The greatest influx of settlers occurred with railroads, beginning with the Union Pacific, which crossed Wyoming in 1868. Construction camps that sprang up became towns, such as Rawlins, Green River, and Rock Springs; more towns arose along the great trails. By 1870 Wyoming had more than nine thousand white inhabitants. Discovery of gold in the Black Hills of the Dakotas led to fierce Indian resistance, when thousands of settlers ignored treaty provisions and moved into territory the Sioux considered sacred. Bloody battles were fought with the U.S. Army. Peace was finally restored in 1876, when the last of the Indian warriors fled or surrendered and settled on reservations.

By then Wyoming had undergone development as a separate society. The coming of the railroad led to the formation of Wyoming Territory in 1868. Population jumped to more than twenty thousand in 1880 and to some sixty-two thousand in 1890. Mining was supplemented by cattle grazing and shipments of longhorns from Texas on their way to market. Sheep also made their appearance, setting the stage for protracted struggle between sheepmen and cattlemen later immortalized in Hollywood films. Oil had been known to exist in the region since the 1830’s, when it was used to grease wagon wheels. In 1883 the first well was drilled in the Dallas Field, in the Wind River region.

Politically, Wyoming Territory was growing up quickly. In 1869 it became the first territorial legislature to allow women to vote, serve on juries, and hold office. In 1924 it was first to elect a female governor. However, in certain respects it remained primitive. The Wyoming Stock Growers Association, formed as a local association in 1873, grew powerful enough to enforce its own vigilante law in defense of its interests. In the 1890’s matters deteriorated with the decline of the cattle industry and ruinous cattle rustling by groups such as the notorious Hole-in-the-Wall Gang. Homesteaders, who fenced off the open range, arrived. In 1892 the association decided to act, embarking on the Johnson County Cattle War. Texas gunmen, hired to murder a list of enemies, killed two men before the law stepped in. Later in the 1890’s more violence occurred with the influx of sheepherders, blamed for the inability of cattle to find sufficient food.


These events aside, by the turn of the century Wyoming was fast becoming part of the nation. In 1889, without waiting for passage of a congressional enabling act, a proposed state constitution was drawn up. The following year Wyoming became the nation’s forty-fourth state. It arrived into the Union with a progressive constitution that included a provision for women’s suffrage. The constitution also included fulsome support for popular sovereignty and freedom of religion. Judges would be elected, not appointed, on a nonpartisan basis. The constitution was made difficult to amend.

The state’s politics have been marked by both conservative and maverick tendencies. In the 1980’s one of its senators, Dick Cheney, was selected secretary of defense, and another, Alan Simpson, was widely admired by political opponents for his candor and civility. Wyoming has also been noted for its patriotism. Despite its small size, it contributed to the Spanish-American War of 1898, surpassing its quota of volunteers. It also sent twelve thousand men and women to World War I.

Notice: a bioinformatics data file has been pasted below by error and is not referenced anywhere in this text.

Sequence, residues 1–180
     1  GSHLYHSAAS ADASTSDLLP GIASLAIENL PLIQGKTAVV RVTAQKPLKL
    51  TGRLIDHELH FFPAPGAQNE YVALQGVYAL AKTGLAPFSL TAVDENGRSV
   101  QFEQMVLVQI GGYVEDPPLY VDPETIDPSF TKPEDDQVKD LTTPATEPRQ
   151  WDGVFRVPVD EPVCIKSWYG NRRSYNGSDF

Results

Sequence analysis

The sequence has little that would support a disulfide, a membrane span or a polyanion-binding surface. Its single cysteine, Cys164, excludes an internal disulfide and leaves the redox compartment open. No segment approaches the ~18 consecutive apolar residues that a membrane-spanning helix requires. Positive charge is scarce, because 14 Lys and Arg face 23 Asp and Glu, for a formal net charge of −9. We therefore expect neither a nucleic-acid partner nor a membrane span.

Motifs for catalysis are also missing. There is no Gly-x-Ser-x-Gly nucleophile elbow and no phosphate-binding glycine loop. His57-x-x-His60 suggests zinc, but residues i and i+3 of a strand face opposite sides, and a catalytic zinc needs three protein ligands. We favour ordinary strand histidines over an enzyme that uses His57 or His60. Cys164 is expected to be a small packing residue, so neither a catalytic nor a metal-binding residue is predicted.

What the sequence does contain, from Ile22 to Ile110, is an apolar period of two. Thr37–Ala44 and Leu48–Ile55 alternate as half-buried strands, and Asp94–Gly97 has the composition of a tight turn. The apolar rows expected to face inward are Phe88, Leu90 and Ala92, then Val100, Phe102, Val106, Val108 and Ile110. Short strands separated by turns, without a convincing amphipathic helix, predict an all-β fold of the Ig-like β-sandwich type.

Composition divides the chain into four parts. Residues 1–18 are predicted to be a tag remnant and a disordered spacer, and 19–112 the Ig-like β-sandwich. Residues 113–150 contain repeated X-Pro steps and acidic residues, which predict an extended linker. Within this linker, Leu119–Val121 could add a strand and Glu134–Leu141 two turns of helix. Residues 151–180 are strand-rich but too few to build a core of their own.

Economically, Wyoming was able to increase its agriculture after the turn of the century through irrigation, as homesteaders continued to arrive. In addition, tourism became more economically significant for the state, as better roads and railroad service made it easier for people to reach scenic areas such as Yellowstone. The Depression, however, hit the state hard, though an increase in oil production and New Deal projects helped hard-pressed wage earners.

World War II and Postwar Developments

World War II found Wyoming’s patriotic spirit intact, as tens of thousands of men and hundreds of women went off to war. At home the economy bustled with government’s demands for food and mineral deposits for the war effort. After the war, the state continued to prosper, when the Cold War brought more federal government spending. Atomic weapons production brought lucrative mining ventures when uranium was discovered in the state, and military spending increased when Wyoming was chosen as a primary site for testing of intercontinental missiles.

The state’s population continued to grow, from 92,000 at the turn of the century to 290,000 in 1950 and 40,000 more a decade later. After that time, however, growth was uneven, advancing only 2,000 from 1960 to 1970 and actually losing ground from 1980 to 1990. By then, although it had grown to more than 450,000, comparatively little manufacturing in the state and the difficulty of agriculture still placed it at the bottom of the list of state populations. Economically, although services provide some 60 percent of the state’s income, it is heavily dependent on the land, through mining, grazing, and construction. By the 1990’s, the state was attempting to broaden its economic base, especially by developing tourism. Politically, the state was divided between those who favored economic development and those who looked to the conservation of the state’s natural resources.